• Unlike the firefly squid, which is so special and rarely found on Toronto menus. We’re told that these little creatures are currently in season as they migrate to shallow waters in Toyama Bay and are caught at night when they glow (hence their name). At Shoushin, they are cleaned and blanched with ginger to preserve their natural flavours, a slightly sweet essence and a different experience from the traditional calamari or cuttlefish. Sometimes served alongside drinking in an izakaya in Japan, they certainly have an elevated place on Shoushin’s menu.

My favourite dish of the night was the fatty tuna simmered in plum broth. The rich savouriness of the fish balanced nicely with the slightly sweet tartness of the fruit, sort of like having pork chops with apple sauce. It’s fragrant, flavourful, and warming, something I could have had an entire steak of surely.

And before the sushi, a cup of miso soup made with red and aged miso, which was so light on the salt that I wouldn’t be surprised was not seasoned at all. Nonetheless, it’s surprisingly flavourful with an umami acidic property to it. The finely chopped shallots were an interesting choice, maybe for the slightly crunchy texture, but a bit overpowering given the under seasoned soup.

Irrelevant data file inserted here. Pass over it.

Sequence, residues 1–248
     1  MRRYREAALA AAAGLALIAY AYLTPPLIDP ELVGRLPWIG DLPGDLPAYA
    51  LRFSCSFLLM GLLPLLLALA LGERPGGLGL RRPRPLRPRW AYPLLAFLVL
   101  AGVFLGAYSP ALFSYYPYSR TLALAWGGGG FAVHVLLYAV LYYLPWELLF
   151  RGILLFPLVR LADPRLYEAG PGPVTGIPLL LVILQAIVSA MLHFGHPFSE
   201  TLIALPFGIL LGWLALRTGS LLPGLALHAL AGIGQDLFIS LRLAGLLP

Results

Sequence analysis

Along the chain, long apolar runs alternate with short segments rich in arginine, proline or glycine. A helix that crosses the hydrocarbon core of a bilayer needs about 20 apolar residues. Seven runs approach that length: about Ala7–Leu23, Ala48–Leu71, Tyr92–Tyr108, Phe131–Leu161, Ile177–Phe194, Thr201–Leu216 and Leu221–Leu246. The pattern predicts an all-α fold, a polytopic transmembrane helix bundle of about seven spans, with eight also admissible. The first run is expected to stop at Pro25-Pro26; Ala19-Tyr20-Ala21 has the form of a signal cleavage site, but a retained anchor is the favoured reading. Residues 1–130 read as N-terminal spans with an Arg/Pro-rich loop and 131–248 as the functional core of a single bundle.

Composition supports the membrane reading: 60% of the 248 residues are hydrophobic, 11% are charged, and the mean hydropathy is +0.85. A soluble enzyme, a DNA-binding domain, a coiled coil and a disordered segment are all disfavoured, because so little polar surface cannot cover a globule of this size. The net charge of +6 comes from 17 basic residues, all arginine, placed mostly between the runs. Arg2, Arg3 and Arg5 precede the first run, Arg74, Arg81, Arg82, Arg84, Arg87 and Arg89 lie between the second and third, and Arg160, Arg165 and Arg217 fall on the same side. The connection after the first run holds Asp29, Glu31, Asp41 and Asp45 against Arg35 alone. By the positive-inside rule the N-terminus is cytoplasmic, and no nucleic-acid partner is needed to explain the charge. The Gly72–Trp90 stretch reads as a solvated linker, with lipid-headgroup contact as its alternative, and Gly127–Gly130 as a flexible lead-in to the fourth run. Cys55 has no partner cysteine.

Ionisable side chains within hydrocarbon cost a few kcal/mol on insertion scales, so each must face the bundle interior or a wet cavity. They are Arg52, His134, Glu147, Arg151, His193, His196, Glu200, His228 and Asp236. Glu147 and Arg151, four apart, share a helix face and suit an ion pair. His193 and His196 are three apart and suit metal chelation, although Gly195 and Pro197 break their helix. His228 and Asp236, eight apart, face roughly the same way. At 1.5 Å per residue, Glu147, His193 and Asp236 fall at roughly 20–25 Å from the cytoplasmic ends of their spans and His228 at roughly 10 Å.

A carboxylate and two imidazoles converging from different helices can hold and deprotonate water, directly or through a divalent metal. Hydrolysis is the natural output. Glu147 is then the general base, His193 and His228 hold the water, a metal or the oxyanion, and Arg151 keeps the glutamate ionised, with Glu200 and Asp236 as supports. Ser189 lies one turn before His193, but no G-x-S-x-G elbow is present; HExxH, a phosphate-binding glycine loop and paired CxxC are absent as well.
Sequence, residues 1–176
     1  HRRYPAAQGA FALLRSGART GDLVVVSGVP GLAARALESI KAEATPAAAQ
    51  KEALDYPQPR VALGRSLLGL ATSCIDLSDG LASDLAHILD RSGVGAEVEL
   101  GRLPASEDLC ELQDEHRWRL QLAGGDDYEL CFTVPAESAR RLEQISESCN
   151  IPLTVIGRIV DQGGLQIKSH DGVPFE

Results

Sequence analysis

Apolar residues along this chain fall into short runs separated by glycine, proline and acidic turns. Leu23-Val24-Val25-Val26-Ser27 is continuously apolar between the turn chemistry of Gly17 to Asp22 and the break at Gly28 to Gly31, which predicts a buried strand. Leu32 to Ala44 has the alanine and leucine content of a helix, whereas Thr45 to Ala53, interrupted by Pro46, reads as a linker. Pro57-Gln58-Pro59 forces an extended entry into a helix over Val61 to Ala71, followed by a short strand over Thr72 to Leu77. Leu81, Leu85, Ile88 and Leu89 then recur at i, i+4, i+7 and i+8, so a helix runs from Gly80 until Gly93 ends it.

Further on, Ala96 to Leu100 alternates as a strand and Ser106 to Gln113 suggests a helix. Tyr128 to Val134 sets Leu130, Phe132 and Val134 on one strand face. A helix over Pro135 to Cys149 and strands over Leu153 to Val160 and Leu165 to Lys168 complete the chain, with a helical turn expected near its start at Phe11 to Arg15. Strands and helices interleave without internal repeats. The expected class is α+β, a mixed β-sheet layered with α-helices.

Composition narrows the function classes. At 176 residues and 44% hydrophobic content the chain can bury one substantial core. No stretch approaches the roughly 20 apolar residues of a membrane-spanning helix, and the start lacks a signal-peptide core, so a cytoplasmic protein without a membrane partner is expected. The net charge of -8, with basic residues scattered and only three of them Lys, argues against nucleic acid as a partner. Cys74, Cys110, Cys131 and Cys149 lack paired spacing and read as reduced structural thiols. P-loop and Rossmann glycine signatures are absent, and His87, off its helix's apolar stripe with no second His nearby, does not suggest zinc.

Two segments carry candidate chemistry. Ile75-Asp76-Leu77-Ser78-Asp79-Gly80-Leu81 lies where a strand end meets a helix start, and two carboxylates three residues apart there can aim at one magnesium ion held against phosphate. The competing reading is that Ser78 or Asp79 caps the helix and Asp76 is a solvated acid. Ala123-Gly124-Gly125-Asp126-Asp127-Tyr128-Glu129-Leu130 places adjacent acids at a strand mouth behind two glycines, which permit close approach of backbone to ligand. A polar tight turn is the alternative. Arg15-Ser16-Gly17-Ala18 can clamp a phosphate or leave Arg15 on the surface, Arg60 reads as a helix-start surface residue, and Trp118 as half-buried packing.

Not surprisingly, the ingredients showcased in their nigri sushi is seasonal. During this visit, I learnt that in the winter we can expect more fish, while in warmer months is when shellfish are also featured into the menu. With that in mind, we’re started off with the stripe jack, the light fish really helping to highlight the lovely, vinegared rice used at Shoushin. I like that the grains are cooked less so you can feel their smooth texture against the tongue.   

Needlefish and yellowtail marinated in soy followed, both lighter yet different as the ‘meatiness’ of the fish all varied with the needlefish being the heaviest of the bunch.

The obligatory bluefin tuna trio ranging from the lean akami to the fatty otoro was featured next. I’m still marveled by how tender I find the lean tuna, only to then taste the fattiness of the otoro and have your mind warp for a second. Oh, if only bluefin tuna wasn’t endangered.  

Mackerel arrives next – not the aji variety – this one stronger (something I could definitely taste with the slight fishiness) and pickled to help combat the more pungent fish.